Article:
Book of as-Sajdah at-Tilawat [Prostration During Recital of Qur’an] starts today..
Volume 2, Book 19, Number 872:
Narrated ‘Abdullah bin Masud :
The Prophet recited Surat an-Najm (103) at Mecca and prostrated while reciting it and those who were with him did the same except an old man who took a handful of small stones or earth and lifted it to his forehead and said, “This is sufficient for me.” Later on, I saw him killed as a non-believer.
According to a Tradition related by Bukhari, Muslim, Abu Da’ud and Nasai, on the authority of Hadrat Abdullah bin Mas’ud, the first Surah in which a versa requiring the performance of a sajdah (prostration) as sent down, is Surah An-Najm. The parts of this Hadith which have been reported by Aswad bin Yazid, Abu Ishaq and Zubair bin Mu’awiyah from Hadrat Ibn Mas’ud, indicate that this is the first Surah of the Qur’an, which the Holy Prophet (peace and blessings of Allah be upon him) had publicly recited before an assembly of the Quraish (and according to Ibn Marduyah, in the Ka’bah) in which both the believers and the disbelievers were present. At the end, when he recited the verse requiring the performance of a sajdah and fell down in prostration, the whole assembly also fall down in prostration with him, and even those chiefs of the polytheists who were in the forefront of the opposition to the Holy Prophet (peace and blessings of Allah be upon him) could not resist falling down in prostration. Ibn Mas’ud (may Allah be pleased with him) says that he saw only one man, Umayyah bin Khalaf, from among the disbelievers, who did not fall down in prostration but took a little dust and rubbing it on his forehead said that that was enough for him. Later, as Ibn Mas’ud relates, he saw this man being killed in the state of disbelief.
Sajdah of Tilawat
There are fifteen places in the Qur’aan where the prostration of recitation is required.
The prostration in these verses is mustahabb for the reader and the listener, and it is not obligatory. If a person wants to prostrate he should say takbeer, then say in his prostration what he says when he prostrates in prayer, then get up without saying takbeer or tashahhud or salaam. If the prostration of recitation comes during a prayer, then he should say takbeer when standing up again.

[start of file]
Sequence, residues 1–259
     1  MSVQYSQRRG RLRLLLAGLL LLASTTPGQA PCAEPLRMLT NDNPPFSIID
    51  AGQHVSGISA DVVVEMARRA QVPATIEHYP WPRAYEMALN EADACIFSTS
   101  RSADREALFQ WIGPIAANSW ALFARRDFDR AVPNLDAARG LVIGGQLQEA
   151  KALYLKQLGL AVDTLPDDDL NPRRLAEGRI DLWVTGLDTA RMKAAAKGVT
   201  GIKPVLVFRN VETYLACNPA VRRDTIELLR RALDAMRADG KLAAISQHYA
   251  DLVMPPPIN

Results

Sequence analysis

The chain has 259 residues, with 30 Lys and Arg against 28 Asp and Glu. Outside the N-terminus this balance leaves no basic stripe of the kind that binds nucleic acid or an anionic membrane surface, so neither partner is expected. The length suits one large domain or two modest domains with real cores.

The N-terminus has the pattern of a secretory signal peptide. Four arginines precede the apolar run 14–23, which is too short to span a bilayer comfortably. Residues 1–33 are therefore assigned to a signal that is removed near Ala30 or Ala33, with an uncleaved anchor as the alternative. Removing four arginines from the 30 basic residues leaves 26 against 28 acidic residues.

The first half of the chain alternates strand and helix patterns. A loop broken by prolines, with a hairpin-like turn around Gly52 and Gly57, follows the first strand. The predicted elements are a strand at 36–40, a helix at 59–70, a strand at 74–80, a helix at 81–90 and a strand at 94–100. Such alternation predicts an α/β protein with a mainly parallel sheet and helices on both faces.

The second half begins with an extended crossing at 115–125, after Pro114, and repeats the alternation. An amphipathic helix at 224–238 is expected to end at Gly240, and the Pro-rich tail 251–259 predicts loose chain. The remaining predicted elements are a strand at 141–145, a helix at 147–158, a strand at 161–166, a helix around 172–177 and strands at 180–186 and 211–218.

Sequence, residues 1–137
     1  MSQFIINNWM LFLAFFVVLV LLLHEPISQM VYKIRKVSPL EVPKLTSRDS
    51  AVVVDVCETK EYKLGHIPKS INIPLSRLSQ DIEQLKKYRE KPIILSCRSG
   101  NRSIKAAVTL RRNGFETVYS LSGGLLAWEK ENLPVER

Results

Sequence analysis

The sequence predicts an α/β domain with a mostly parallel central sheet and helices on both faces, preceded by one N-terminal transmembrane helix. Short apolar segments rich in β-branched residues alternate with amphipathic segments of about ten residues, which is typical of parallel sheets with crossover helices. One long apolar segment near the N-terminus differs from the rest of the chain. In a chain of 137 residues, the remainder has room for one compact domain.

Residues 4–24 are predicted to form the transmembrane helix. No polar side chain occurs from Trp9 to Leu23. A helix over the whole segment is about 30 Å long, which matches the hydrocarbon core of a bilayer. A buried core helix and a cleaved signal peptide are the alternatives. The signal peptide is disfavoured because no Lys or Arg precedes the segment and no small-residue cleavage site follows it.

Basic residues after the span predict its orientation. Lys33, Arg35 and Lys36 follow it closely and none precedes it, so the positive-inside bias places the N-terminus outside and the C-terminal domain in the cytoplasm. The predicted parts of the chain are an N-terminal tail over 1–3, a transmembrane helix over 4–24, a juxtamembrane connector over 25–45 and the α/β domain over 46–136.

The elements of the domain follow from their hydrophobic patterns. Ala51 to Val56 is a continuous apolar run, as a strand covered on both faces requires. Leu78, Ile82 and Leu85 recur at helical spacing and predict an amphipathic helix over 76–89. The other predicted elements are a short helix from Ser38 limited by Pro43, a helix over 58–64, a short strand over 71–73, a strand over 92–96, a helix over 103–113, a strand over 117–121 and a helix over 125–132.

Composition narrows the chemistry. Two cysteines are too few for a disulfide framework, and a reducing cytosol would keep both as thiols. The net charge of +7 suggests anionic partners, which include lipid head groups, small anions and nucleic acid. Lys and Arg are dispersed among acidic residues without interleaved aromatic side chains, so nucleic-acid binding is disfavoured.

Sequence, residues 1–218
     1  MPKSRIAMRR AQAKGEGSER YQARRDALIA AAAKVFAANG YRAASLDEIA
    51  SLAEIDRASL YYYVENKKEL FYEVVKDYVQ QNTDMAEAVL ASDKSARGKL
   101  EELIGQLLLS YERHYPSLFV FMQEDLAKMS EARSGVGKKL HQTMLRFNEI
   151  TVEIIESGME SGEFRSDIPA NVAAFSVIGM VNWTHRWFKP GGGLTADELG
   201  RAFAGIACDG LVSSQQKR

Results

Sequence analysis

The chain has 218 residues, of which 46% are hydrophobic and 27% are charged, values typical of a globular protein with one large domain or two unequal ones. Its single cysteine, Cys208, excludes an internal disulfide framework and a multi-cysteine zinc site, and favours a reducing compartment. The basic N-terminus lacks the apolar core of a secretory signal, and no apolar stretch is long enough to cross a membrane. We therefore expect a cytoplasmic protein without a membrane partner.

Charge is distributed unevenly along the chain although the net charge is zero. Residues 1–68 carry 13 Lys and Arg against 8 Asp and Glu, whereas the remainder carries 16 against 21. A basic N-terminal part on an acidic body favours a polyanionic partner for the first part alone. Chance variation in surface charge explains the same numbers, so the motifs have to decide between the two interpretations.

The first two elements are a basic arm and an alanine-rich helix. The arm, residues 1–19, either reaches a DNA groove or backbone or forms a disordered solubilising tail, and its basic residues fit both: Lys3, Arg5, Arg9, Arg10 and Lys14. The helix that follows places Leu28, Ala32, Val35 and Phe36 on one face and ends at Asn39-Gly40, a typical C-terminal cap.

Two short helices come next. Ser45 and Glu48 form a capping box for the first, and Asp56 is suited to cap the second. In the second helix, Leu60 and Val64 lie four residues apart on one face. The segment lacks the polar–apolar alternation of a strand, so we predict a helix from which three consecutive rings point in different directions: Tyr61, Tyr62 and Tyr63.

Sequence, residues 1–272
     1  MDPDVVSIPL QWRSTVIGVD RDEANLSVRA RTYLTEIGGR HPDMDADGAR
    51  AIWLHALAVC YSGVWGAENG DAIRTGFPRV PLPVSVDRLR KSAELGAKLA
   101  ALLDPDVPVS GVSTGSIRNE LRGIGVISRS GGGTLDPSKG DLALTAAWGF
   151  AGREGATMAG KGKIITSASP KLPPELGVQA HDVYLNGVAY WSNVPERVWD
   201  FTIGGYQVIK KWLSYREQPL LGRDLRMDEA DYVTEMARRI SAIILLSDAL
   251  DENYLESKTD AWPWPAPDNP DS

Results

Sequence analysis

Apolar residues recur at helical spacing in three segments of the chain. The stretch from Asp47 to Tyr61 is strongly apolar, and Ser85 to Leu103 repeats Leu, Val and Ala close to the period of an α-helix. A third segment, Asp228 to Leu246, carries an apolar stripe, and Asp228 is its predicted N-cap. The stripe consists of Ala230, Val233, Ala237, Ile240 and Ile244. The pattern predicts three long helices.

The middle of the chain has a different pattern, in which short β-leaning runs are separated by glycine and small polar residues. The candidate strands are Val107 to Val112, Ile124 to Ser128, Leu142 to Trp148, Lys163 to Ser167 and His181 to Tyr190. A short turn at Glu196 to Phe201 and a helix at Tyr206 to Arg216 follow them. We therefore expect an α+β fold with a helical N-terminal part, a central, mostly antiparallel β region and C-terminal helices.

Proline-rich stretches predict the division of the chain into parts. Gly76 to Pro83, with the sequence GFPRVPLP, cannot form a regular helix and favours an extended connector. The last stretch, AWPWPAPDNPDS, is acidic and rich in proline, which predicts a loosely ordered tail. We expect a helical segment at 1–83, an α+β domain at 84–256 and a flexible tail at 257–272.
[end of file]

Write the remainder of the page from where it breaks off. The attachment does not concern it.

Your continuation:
With regard to doing the prostration of recitation when you are listening to a verse in which a prostration is required on the computer or a recorder, it seems that it is not required to prostrate for that.
It is not prescribed for the one who is listening to prostrate unless the reciter prostrates, because Zayd ibn Thaabit recited Soorat al-Najm to the Prophet (peace and blessings of Allaah be upon him) and he did not prostrate, and neither did the Prophet (peace and blessings of Allaah be upon him). This indicates that the prostration of recitation is not obligatory, because the Prophet (peace and blessings of Allaah be upon him) did not rebuke Zayd for not prostrating. The hadeeth also indicates that the listener should not prostrate unless the reader prostrates.
It is not essential to have wudoo’ for sujood al-tilaawah, according to the more correct of the two scholarly opinions.
Some dhikr and du’aa’s are prescribed in sujood al-tilaawah as in the prostration during prayer. Among these du’aa’s are:
Allaahumma laka sajadtu wa bika aamantu wa laka aslamtu, sajada wajhi lilladhi khalaqahu wa sawwarahu wa shaqqa sam’ahu wa basarahu bi hawlihi wa quwwatihi, tabaarak Allaahu ahsan al-khaaliqeen